I know this is going to sound silly to many but…

I remember the days of old (that’d be the mid to late ’90s) when I could walk into any given sudo-geek shop (Best Buy, CompUSA, Circuit City…) and find boxed Linux products on the shelf. It was usually your standard fare (Red Hat, Caldera Linux, SuSE, Mandrake…) and the price ranged from 19.99 to 79.99. And I’ll never forget stepping up to the shelf, picking up my first box of Red Hat Linux and feeling so proud that I was one of those in the shop interested in this operating system. I knew that few others there had the stones to give it a try and it gave my ego a boost.

But even more important, it gave the Linux operating system a presence. People, average Janes, could see for themselves that there were alternatives to Windows and those alternatives could be very, very cheap. 

And they had a shiny, shrink-wrapped box in their hand to prove it.

But now about the only way to get Linux is to download the iso image or, in the case of Ubuntu, know how to request a CD be shipped to you. Just another layer between the people and the machine keeping Linux from growing even more popular.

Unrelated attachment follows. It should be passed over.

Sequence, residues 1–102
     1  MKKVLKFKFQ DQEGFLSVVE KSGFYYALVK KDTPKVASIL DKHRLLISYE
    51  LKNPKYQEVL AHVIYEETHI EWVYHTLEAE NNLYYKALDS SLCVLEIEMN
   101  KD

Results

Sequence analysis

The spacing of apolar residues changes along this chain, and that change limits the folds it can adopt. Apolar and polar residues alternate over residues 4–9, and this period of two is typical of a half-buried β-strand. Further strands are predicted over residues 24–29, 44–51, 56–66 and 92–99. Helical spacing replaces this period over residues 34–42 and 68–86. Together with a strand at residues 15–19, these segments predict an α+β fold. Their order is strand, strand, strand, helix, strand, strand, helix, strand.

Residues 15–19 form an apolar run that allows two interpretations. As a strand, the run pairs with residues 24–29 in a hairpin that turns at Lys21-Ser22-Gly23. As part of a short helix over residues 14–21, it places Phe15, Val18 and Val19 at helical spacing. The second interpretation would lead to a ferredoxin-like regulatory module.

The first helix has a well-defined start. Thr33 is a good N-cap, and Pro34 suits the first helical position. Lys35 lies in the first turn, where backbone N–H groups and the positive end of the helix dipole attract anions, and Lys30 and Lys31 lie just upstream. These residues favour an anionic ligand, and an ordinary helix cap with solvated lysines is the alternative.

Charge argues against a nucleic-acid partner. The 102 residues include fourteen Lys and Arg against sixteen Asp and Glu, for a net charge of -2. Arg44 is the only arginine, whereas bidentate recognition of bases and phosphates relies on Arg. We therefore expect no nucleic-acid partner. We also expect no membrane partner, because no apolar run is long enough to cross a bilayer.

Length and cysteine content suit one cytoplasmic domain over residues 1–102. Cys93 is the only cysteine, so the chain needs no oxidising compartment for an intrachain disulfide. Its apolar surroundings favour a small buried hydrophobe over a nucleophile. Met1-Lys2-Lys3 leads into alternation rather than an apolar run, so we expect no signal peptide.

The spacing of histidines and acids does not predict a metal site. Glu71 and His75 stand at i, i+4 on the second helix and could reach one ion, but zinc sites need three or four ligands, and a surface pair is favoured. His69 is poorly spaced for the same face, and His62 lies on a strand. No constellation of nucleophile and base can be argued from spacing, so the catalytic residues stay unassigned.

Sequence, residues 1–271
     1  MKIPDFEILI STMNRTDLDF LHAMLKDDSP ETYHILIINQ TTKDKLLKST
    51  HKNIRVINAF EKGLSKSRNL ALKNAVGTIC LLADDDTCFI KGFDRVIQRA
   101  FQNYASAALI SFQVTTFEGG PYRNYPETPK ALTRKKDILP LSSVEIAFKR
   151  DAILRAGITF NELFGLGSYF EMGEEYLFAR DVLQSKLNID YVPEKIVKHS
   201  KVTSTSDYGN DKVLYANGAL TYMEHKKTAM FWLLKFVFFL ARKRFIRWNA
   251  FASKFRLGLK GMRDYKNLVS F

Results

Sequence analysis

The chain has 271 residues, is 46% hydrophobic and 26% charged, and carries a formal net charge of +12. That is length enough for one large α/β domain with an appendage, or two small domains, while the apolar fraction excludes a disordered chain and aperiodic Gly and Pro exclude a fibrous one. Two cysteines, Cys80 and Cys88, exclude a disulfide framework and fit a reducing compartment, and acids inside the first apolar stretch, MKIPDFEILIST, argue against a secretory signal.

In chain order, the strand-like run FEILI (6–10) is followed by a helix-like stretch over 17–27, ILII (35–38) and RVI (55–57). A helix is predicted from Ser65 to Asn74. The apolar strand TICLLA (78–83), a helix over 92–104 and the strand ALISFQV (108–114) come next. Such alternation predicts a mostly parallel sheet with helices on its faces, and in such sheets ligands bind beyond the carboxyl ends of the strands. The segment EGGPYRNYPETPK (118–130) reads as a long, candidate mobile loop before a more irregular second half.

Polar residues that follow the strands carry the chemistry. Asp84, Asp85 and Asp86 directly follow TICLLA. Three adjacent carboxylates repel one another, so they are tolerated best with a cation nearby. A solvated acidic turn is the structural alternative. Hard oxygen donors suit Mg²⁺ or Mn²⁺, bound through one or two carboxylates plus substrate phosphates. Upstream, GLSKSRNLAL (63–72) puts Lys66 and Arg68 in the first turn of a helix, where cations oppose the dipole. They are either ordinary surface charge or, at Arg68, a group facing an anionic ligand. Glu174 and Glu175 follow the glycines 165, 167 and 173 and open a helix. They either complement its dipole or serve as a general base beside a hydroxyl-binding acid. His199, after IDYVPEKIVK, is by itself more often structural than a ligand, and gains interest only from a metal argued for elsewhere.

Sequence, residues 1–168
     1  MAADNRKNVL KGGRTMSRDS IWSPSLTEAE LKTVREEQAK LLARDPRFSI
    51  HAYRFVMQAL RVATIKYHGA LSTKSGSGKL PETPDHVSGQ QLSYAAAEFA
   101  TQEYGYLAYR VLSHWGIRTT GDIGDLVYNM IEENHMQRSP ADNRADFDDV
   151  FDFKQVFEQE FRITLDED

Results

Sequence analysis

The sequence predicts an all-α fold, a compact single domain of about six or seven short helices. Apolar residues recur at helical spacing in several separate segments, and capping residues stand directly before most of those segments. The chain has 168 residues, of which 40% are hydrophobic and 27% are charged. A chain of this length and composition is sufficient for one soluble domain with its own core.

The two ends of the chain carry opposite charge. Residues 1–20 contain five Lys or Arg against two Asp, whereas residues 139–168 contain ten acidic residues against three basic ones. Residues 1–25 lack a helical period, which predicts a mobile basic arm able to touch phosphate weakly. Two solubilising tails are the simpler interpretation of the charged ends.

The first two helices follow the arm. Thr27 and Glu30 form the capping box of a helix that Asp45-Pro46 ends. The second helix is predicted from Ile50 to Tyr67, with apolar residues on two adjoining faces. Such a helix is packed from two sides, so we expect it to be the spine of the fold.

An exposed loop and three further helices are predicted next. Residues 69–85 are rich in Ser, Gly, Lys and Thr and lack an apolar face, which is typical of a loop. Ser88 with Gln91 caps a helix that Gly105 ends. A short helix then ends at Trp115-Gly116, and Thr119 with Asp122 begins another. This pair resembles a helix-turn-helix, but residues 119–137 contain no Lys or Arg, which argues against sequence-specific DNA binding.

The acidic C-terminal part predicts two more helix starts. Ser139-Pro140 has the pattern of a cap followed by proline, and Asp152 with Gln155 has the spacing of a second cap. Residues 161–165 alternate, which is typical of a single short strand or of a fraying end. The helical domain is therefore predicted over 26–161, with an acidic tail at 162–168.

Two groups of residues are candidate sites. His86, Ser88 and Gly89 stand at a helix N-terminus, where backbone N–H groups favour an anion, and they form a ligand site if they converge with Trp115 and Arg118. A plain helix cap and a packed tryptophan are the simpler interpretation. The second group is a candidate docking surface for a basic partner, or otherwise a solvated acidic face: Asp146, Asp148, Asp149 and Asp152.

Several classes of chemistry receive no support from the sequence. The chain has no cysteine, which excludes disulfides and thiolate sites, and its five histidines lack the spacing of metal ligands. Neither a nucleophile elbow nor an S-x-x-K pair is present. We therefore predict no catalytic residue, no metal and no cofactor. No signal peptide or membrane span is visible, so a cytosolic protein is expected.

Linux needs to return to the shelves. Linux needs shiny plastic boxes (and aluminum Christmas trees) so people can touch it and know it’s there and real. This gives the operating system, and it’s people, validity.

Problem is, it’s free. Okay, so it’s not really a problem. But it makes things a bit muddy. You see if I wanted to I could take Ubuntu (or any distribution for that matter), repackage it, call it mine, and sell it on the shelves. But not very many people who are interested in the success of Linux have deep enough pockets to foot that bill.

And now with Microsoft releasing a new version of Windows that will pollute the software departments of every store, Linux is going to find it even harder to gain new ground, to entice new users.

So how do we do it? Do we burn iso’s on our own and pass them out at every LUG gathering we can? Well, that won’t do much because you’re preaching to the choir. Do we give them out to our geek-wanna-be friends at Christmas time and tell them they will finally find peace on earth (at least with their computer)?

It’s a tough shell to crack. But there has to be someway to get Linux back on the shelves and into the hands of the people. I miss walking through the isles of the geek-stops and glowing because I AM A LINUX USER!